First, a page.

Smith fights against human trafficking

Since losing a bid for Patty Murray's Senate seat in 1998, former U.S. Rep. Linda Smith has devoted herself to the issue of human trafficking, estimated to be a $19 billion industry that involves up to 4 million people worldwide, mainly women and children.

"This is an issue of basic freedom," said Smith, who spoke to supporters at a breakfast yesterday in Seattle.

With her were two survivors of Indian brothels. Through translators, the women described how they were sold into prostitution and abandoned by their families. When there seemed to be no hope, they were taken in by a missionary in Bombay. The women expressed both a newfound faith and gratitude toward Smith, whom they called "Auntie."

The former legislator from Vancouver, Wash., has become a successful single-issue activist, founding Shared Hope International in 1998 to combat human trafficking through awareness, legislation and partnerships with missionary groups worldwide.

As the group's executive director, Smith couples her political clout and Christian beliefs in a crusade against what she sees as slavery.

"My beliefs drive me," she said. "I consider it a ministry but not a faith-based group. If I ever advertised as a Christian, I can't do the work I do."

"This role is a perfect fit for who and what Linda Smith is," said Chris Vance, state Republican chairman. "She is unbelievably passionate about right and wrong, good and evil, and about her faith."

Since the nonprofit group's inception, it has raised a significant amount of money — $1 million last year, up 60 percent from 2001.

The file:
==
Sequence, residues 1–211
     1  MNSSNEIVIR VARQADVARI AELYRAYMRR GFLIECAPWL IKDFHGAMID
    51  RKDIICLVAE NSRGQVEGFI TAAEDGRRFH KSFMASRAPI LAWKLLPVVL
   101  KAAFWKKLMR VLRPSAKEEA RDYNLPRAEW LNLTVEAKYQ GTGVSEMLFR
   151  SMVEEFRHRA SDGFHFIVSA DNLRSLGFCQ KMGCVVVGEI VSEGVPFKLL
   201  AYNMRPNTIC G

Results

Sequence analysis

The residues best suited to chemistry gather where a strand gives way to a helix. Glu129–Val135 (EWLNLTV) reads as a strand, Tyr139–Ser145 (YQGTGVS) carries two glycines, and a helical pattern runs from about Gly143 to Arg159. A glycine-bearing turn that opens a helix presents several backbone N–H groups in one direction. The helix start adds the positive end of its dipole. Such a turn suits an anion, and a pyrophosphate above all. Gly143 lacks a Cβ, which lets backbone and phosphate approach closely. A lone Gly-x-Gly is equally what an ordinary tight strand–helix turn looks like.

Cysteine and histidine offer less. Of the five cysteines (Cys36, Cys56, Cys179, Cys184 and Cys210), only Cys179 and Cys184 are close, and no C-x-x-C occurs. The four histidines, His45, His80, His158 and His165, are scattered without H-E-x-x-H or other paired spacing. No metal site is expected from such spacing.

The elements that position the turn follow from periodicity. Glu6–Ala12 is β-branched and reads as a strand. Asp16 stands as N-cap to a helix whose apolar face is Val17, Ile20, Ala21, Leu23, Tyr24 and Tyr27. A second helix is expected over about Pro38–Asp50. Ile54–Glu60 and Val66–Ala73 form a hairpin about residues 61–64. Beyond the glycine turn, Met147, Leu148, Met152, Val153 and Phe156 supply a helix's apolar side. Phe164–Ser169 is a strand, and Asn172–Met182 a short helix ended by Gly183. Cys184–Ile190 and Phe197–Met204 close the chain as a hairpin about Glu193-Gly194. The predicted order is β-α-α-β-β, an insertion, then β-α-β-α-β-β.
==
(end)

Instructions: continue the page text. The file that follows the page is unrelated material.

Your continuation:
According to Smith, the money was donated by about 35,000 individuals, many of whom are likely contacts from her days as a politician.

A financial statement from Shared Hope International showed a mailing list — an invaluable fund-raising tool — contributed by Smith to the nonprofit, valued at $58,000. Such lists typically sell at $100 for 1,000 names.

"Linda Smith was the ultimate and the original grass-roots warrior," Vance said. "She had more grass-roots support than anyone I have ever seen."

In addition to funds, Smith is backed by former political allies in Washington, D.C., including Attorney General John Ashcroft and Rep. Henry Hyde of Illinois.

The U.S. enacted tougher penalties for traffickers and increased protection for victims through the U.S. Trafficking Victims Protection Act of 2000.

While trafficking is comparatively less common in the U.S. than in other areas of the world, it remains a substantial presence.

An estimated 50,000 to 100,000 people are brought annually into the U.S. against their will, often in a debt-bondage system, according to the CIA.

Last September, eight people were arrested in Seattle, Portland and Los Angeles in a crackdown on an international prostitution ring.

While only a handful of human-trafficking cases have been linked to Seattle, the city is considered one of the major entry points for women from Asia.

Because of this, it is one of the first five cities slated for trafficking detection and training next month.

Sarah Anne Wright: 206-464-2752 or